Kennedy, Johnson, and the Nonaligned World. By Robert B. Rakove. New York: Cambridge University Press, 2013. 291 pp.
Fifty-some years after his assassination, John F. Kennedy remains an enigma. Was he the brash and impulsive president who brought the world to the brink of World War III with the Cuban Missile Crisis? Or was he the brave challenger of the American military-industrial complex who would have prevented the Vietnam War? Various studies portray him as a Cold War liberal, or a liberal Cold Warrior, or come up with pithy phrases to summarize the man and his foreign policy.
Robert B. Rakove's book jumps into the murky waters of this passionate historiography. Instead of focusing on crises such as the Bay of Pigs, he examines lesser-known aspects of Kennedy's diplomacy (the Indian seizure of Goa, settlement of the Western New Guinea impasse) to illustrate what he refers to as "a foreign policy without an official name that, even so, profoundly shaped the modern history of United States foreign relations" (xxi). Rakove christens this important policy "engagement" and argues that Kennedy himself was its primary intellectual force. Backing away from the John Foster Dulles view of "neutralism" as something that was dangerous and "immoral," Kennedy sought to engage with the leaders of the nonaligned world. Utilizing the famed "Kennedy charm," he often met one on one with important leaders from Asia and Africa and demonstrated an understanding of their reluctance to choose sides in the Cold War. Kennedy also used foreign aid as a crucial tool, not necessarily to pull the nonaligned nations into the American sphere of influence but to ensure that "simply by remaining independent of the communist bloc," such nations would eventually understand the "intrinsic advantage" of closer relations with the West (xxi). With Kennedy's death in 1963, his successor, Lyndon Johnson, abandoned engagement, instead pursuing "an inexorable collision course with the nations and governments his predecessor had done so much to court" (55). Unlike Kennedy, Johnson felt that mollifying strong American allies--who, not coincidentally, were also the strongest colonial powers--was more important than trying to pacify nonaligned leaders whose commitment to the United States seemed tenuous.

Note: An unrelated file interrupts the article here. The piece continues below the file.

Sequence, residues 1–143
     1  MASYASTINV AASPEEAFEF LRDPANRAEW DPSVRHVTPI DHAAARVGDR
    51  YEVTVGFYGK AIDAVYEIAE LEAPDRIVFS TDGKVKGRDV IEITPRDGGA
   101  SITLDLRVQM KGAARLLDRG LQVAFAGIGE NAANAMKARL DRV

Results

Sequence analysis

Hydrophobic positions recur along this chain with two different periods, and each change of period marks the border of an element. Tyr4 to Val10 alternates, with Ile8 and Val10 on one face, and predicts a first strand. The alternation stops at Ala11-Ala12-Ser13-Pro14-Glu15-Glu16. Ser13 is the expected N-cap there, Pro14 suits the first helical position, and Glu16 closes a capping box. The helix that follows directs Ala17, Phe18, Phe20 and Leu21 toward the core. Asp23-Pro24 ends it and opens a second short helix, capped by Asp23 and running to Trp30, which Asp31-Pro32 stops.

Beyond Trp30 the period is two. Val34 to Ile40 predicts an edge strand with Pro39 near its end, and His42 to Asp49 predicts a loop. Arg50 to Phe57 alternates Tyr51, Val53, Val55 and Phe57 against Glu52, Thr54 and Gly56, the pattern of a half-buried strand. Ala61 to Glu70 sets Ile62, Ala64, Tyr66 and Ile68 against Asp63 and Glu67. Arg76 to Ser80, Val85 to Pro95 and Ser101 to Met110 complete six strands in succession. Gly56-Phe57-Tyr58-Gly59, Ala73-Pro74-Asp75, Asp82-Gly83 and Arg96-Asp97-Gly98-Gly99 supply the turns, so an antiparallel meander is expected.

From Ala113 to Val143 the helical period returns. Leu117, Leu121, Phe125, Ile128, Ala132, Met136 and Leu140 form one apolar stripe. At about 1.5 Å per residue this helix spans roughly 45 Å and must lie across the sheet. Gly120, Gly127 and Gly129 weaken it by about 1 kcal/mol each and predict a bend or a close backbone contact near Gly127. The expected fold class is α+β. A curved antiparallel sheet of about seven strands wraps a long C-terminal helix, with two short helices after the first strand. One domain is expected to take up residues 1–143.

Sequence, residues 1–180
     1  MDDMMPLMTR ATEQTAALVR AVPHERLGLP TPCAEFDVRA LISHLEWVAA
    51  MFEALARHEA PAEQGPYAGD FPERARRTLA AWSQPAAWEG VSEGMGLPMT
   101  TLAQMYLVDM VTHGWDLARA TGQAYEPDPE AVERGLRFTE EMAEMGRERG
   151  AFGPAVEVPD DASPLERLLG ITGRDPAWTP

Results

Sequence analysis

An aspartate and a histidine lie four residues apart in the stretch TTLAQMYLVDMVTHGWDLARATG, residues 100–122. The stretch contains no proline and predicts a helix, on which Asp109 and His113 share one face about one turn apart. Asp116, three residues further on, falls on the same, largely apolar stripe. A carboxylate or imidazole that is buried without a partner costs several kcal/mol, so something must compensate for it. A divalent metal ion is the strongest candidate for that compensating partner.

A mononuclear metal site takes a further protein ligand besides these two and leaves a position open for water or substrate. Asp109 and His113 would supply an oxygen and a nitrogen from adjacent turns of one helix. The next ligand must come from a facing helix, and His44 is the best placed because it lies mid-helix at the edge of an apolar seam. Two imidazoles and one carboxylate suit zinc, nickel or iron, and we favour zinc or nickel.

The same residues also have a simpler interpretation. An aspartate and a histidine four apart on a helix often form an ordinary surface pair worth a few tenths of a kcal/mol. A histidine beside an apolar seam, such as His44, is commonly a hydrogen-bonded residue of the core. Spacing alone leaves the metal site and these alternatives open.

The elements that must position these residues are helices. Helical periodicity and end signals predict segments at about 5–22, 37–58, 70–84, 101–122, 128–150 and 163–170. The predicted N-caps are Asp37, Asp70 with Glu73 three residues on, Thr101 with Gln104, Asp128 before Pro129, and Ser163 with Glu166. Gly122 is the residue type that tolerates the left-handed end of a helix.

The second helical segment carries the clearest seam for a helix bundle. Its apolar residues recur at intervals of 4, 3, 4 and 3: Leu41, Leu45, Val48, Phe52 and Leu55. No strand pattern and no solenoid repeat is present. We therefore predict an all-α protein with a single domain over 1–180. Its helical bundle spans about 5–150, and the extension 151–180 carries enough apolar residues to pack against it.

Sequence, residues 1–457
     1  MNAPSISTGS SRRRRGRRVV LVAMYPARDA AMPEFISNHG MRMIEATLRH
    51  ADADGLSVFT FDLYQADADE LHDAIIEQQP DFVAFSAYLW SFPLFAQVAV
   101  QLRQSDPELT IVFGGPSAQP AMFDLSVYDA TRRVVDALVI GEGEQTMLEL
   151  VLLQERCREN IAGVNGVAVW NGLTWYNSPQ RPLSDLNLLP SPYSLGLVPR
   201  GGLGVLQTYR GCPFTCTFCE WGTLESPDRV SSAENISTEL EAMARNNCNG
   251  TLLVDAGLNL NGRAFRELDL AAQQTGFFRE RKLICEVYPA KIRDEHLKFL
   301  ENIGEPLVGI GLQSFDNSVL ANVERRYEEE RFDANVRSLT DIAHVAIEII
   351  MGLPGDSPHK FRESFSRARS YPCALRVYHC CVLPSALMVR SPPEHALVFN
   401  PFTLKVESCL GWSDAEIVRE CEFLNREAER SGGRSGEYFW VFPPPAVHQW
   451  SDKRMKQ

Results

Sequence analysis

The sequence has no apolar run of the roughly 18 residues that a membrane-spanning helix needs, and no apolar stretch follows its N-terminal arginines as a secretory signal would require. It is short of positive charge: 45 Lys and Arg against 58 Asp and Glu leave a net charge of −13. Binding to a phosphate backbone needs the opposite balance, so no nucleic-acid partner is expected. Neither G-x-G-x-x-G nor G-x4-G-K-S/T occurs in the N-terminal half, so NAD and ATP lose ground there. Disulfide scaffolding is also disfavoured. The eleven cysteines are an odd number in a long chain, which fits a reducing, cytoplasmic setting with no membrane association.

While Rakove is to be congratulated for producing a tight and readable summary of U.S. policy toward nonaligned nations during the Kennedy--Johnson years, the argument that...